SHANGHAI, Jun 27 - As the first half of 2022 draws to a close, if we were to pick the general asset class with the most dramatic movement in the first and second quarters, the answer would probably be the industrial metals.
While many people may still remember the chaos of " radical nickel" that spiked in March this year as a result of the short squeeze, today, in stark contrast to the start of the Russian-Ukrainian crisis when industrial metal prices soared, a series of "base metals", from copper to tin, have fallen across the board - the Blommberg Industrial Metals Spot Index has fallen 26% so far this quarter, on track for the biggest quarterly decline since the 2008 financial crisis.
In details, the plunge in some industrial metals prices is even more alarming: LME copper futures prices hit a 16-month low at $8,122.50/mt last Friday and have fallen 11% so far in June, potentially one of the biggest single-month decline in the past 30 years.
The tin price is currently at $26,055/mt, even more than halved from its all-time peak of US$51,000/mt in March.
So, why have industrial metals fallen so sharply recently? And are there more disturbing signals behind this plunge?
The wide application of industrial metals, represented by copper, in fields like household appliances to electric cars, has often made it an indicator of economic activity, and copper has even earned the reputation "Dr. Copper" in economics textbooks. So it is clear that when analysing the recent decline in industrial metals, one should look beyond the supply and demand of the commodity itself.
For a metal like copper, its extensive application from heavy industrial machinery to advanced electronics means that the market is closely linked to economic dynamics, and the retreat in copper prices signals that recession fears are beginning to grip the market.
Earlier this year, copper was traded at around $9,800/mt and then rose further to over $10,400/mt in early March on fears that the Russian-Ukrainian conflict would affect the supply. Today, however, these supply concerns have not ended up being fulfilled much in the industrial metals sector and have instead been replaced by concerns about the health of the global economy.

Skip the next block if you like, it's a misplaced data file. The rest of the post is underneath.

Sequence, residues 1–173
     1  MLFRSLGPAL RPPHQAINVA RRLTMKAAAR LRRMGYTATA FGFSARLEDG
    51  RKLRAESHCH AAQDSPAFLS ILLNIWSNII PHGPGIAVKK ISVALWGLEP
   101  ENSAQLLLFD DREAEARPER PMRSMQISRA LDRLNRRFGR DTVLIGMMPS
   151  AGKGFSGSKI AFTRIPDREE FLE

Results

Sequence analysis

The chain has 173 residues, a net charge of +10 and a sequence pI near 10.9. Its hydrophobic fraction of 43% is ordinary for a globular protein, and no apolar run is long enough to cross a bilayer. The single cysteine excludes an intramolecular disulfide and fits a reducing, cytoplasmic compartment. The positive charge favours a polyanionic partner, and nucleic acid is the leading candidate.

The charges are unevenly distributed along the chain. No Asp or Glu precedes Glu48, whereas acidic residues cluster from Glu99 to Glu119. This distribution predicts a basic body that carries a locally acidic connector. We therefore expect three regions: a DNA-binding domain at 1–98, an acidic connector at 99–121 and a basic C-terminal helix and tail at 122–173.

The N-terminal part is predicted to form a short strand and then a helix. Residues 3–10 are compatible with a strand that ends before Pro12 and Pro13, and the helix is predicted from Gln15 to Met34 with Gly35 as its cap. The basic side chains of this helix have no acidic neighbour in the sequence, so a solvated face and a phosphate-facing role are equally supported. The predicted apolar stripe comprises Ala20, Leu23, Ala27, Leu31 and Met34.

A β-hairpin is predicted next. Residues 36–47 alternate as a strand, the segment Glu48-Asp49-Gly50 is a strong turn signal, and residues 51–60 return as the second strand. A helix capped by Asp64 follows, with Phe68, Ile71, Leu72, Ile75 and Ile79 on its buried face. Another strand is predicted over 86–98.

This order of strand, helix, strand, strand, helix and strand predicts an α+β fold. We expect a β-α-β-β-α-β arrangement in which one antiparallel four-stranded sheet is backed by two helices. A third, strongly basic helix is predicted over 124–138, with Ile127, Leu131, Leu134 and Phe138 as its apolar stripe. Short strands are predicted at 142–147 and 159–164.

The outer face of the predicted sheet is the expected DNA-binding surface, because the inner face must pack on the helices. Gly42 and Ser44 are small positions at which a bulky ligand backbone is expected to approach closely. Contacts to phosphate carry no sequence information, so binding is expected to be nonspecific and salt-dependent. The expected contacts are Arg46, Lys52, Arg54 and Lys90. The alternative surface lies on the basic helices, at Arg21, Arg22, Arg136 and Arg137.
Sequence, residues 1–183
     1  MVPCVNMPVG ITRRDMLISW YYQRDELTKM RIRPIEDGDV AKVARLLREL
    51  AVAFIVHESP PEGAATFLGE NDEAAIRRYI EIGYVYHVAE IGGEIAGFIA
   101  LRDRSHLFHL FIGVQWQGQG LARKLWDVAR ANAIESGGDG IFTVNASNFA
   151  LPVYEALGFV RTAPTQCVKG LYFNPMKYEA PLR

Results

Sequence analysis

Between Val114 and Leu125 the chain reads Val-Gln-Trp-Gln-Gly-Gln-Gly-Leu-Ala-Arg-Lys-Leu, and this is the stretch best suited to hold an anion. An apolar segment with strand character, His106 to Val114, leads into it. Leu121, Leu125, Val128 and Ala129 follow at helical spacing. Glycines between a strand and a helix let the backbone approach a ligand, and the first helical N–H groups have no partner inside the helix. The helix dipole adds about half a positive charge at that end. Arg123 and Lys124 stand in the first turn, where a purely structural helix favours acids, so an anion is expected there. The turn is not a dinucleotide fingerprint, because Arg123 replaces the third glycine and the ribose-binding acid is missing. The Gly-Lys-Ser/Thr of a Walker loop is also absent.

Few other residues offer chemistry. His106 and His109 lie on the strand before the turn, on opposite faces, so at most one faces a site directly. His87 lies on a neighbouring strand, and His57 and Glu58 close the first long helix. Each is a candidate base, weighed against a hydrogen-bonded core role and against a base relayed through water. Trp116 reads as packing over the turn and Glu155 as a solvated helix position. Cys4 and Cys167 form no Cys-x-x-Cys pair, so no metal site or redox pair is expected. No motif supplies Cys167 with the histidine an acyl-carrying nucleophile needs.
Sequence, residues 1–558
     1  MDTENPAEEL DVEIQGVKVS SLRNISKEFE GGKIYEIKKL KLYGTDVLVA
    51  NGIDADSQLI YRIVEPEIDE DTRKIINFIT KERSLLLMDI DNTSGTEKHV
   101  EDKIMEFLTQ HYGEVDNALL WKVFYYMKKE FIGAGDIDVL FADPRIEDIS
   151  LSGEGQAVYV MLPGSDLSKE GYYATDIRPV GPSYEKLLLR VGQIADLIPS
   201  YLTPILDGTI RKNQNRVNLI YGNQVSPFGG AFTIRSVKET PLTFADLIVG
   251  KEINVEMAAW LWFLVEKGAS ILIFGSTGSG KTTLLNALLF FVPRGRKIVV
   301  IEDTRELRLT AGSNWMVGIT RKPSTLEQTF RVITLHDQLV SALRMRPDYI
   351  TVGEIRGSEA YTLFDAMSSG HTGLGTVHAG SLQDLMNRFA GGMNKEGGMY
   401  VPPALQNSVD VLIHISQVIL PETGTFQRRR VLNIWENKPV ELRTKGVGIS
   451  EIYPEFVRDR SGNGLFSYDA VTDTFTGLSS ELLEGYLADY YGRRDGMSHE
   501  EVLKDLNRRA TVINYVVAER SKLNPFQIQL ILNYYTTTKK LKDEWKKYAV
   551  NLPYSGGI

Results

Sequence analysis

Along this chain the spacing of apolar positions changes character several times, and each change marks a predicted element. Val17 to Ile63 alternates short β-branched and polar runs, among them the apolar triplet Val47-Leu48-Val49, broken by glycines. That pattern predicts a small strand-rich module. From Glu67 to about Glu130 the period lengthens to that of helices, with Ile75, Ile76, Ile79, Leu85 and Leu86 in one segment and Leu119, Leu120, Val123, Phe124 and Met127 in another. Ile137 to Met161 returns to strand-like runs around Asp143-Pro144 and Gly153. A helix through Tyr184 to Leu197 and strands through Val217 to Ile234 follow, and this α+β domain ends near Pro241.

Federal Reserve Chairman Jerome Powell admitted in testimony before the Senate Committee of Banking last Wednesday that the planned interest rate hikes this year could plunge the world's largest economy into recession. In Europe, data released last Thursday also added to signs of a slowdown, with a survey of business activity showing that Germany, Europe's largest economy, was rapidly losing momentum at the end of the second quarter.
The Fed's move to raise interest rates could have a more immediate impact on discretionary consumer spending, ultimately ending the boom in demand for metals in areas such as real estate, auto manufacturing and durable goods.
How to look into the future?
In terms of positions, trading in the industrial metals sector is certainly being overshadowed by pessimism at the moment. Evidence of investor sentiment turning bearish is most evident in the Chinese market.
Open interest of SHFE copper rose sharply during the sharp fall in copper prices. This suggests that investors are adding new short positions rather than selling off long positions. In contrast, data from the LME suggests that the recent plunge was more due to investors abandoning their bets on higher prices, with bearish positions largely flat for most time of the month.
In fact, the current sharp fall in metals prices has even started to spill over into the mining sector, with some mining stocks falling sharply so far this month - Rio Tinto and Anglo American shares have both recorded more than double-digit falls.
Of course, it should be noted that, in the short term, some of the oversold industrial metals are not completely without rebound opportunities, at least the current supply tightness of some metal varieties still exists.
After LME zinc inventory fell to a record low last week, some industry insiders are fearing that a new supply crisis could be brewing for the metal.
In addition, BMO Capital Markets analyst Colin Hamilton expects aluminium prices to gain support from production cuts as well, as a further reduction in primary aluminium production is likely in the coming months, which should start to provide some support for the prices. Citing soaring electricity prices, large US producer Century Aluminum announced last Wednesday that it will close a 200,000-mt-a-year aluminium smelter in Kentucky over the next nine to 12 months.